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|Category:||Flowers and Plants|
Fungi Photography Tips - Why not have a go at photographing mushrooms?
- A macro lens is handy
- Take a waterproof sheet or something to kneel on as the floor will be cold and damp
- Low level tripod
- Small reflector - bounce light under the mushroom
- Polarising filter, such as the Samsung C-PL Filter - reduce the shine from the top of the mushrooms so it's not over-exposed.
Where to find themSo, where do you find mushrooms? They can grow everywhere and anywhere, as long as it is damp. They often grow on rotting trees and you'll stand a good chance of finding them in forests, or somewhere that is permanently damp. Damp is a key feature for mushroom life. Look on the forest floor, especially around fallen trees.
Time of dayEarly morning's the best time to find good samples of mushrooms to photograph as they'll be fresh fruiting bodies from the night before which won't have got trampled on or eaten.
It's darkAs forests can be quite dank and dark at time but don't use your camera's built in flash as it's too direct. Instead, position your off-camera flash so the bounce back doesn't burn out your image. You could try back lighting the mushroom to give it an almost halo of light around the top. You can achieve this look by simply lighting it with a torch. It works particularly well on green foliage that's thrown out of focus.
Tidy the areaYou'll probably find that some of the twigs and leaves on the forest floor don't work with your composition so you'll have to move them out of shot. You should still do this even if you're using a wider aperture to throw the background out of focus as dark twigs or bright leaves can still be distracting even if they're blurred. This doesn't mean you have to pull them out of the ground or snap them off a branch as you can simply hold them back out of place until you've taken your shot. You may also want to softly brush the mud and dirt of the top of the mushroom but if you like the 'natural' look, feel free to leave the scene alone.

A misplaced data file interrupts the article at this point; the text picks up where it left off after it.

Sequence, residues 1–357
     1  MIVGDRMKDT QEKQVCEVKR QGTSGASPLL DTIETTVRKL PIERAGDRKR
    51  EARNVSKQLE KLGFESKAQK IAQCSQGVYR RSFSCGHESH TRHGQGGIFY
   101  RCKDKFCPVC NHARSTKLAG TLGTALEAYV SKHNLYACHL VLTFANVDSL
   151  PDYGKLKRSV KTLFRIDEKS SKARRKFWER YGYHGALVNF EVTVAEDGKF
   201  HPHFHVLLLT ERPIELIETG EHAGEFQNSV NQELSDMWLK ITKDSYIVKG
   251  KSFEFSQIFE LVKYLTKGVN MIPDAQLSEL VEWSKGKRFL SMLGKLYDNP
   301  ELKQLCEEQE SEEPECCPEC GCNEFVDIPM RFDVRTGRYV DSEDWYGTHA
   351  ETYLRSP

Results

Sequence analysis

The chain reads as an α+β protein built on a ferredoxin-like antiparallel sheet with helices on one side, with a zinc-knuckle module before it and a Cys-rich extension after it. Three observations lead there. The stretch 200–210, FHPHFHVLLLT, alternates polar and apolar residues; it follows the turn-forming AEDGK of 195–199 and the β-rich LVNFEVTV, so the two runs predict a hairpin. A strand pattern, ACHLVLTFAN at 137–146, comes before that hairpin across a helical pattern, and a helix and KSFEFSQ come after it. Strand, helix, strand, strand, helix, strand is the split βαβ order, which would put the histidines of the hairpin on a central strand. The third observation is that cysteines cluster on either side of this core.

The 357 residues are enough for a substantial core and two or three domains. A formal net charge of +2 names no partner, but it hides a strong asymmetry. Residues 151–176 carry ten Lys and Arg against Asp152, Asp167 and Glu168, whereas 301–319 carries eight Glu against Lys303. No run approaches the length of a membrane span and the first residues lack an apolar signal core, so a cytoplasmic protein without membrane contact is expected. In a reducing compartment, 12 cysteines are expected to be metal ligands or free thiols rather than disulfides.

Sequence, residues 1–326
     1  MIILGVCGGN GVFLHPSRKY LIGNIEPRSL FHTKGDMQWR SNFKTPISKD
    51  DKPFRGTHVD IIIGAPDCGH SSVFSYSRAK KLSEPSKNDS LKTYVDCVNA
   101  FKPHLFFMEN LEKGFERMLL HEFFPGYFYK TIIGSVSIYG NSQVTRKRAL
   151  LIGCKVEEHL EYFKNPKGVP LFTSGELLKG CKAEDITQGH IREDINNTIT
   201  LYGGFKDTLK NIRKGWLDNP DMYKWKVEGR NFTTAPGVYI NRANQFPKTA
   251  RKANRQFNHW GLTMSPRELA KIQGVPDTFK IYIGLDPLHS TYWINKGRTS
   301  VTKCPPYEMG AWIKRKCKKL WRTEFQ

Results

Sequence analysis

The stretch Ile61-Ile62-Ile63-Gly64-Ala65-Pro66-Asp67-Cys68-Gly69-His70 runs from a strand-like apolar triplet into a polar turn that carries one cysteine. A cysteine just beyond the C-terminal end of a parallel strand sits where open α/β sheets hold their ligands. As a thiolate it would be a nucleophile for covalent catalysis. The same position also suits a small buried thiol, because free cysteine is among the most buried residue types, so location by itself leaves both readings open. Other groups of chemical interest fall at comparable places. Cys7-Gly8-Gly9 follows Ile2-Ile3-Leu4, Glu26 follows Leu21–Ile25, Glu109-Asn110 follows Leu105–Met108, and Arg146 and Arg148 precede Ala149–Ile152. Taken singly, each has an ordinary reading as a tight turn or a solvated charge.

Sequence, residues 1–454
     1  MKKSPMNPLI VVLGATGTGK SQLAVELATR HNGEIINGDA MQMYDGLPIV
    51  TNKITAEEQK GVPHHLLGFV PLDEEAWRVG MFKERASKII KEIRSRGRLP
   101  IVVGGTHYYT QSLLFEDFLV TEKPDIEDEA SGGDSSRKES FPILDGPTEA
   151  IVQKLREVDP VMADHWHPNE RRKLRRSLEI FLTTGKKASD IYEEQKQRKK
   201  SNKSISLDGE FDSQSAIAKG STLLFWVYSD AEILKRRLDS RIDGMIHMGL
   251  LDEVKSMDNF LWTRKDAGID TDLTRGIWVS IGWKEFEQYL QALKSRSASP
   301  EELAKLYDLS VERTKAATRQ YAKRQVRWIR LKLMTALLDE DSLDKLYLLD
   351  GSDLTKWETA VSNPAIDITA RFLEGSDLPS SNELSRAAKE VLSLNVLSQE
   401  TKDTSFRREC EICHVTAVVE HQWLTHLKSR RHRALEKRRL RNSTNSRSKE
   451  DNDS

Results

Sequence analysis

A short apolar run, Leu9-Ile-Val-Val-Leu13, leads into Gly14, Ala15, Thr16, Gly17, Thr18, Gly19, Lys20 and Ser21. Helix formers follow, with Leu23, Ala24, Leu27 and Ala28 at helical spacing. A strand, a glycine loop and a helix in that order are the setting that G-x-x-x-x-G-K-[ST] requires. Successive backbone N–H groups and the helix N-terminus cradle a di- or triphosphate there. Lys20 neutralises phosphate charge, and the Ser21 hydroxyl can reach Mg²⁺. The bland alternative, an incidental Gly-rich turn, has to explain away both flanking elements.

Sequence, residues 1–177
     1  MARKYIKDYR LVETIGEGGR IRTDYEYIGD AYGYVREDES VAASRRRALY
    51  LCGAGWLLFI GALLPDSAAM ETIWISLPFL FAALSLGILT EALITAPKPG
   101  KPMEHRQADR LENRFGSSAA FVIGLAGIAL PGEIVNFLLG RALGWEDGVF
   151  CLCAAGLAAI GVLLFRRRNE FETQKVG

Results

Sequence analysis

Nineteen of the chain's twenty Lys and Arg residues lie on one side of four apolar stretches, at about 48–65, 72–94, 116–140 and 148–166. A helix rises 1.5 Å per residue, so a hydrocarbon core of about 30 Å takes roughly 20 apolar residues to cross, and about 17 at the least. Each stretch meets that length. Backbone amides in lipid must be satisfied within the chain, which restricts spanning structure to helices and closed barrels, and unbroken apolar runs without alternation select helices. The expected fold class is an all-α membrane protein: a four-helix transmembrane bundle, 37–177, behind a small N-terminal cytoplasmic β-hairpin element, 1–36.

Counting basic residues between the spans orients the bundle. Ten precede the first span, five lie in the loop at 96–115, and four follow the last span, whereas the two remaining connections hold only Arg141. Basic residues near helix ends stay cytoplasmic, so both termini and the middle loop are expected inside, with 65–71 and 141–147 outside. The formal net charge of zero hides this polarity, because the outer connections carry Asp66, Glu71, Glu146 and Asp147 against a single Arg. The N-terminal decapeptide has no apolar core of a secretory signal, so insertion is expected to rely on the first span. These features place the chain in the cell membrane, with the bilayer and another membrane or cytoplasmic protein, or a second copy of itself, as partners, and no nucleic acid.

How to shoot themTry to capture mushrooms in a group, as a variety of sizes will add interest of the piece. Odd groups are more pleasing to the eye than pairs but if you have one particular good specimen, don't overlook shooting it standing on its own.
Often, white mushrooms look great when contrasted with moss, or leaves on the floor, to add colour and interest to the shot. Blurring the background makes the mushroom the key focus, while the extra elements are used to add colour to compliment the shot.
Once you've got your shots of the top of the mushroom, take a look under it. Here, you'll find interesting textures and colour and you'll also be able to exaggerate the height of the mushroom you're photographing working from this height. Make sure you light the underbelly by directing light into the scene with a reflector and remember to use a wide aperture so your mushroom is the centre of attention. Do check your shot though as wider apertures could leave parts of the mushroom out of focus when working at such small distances.
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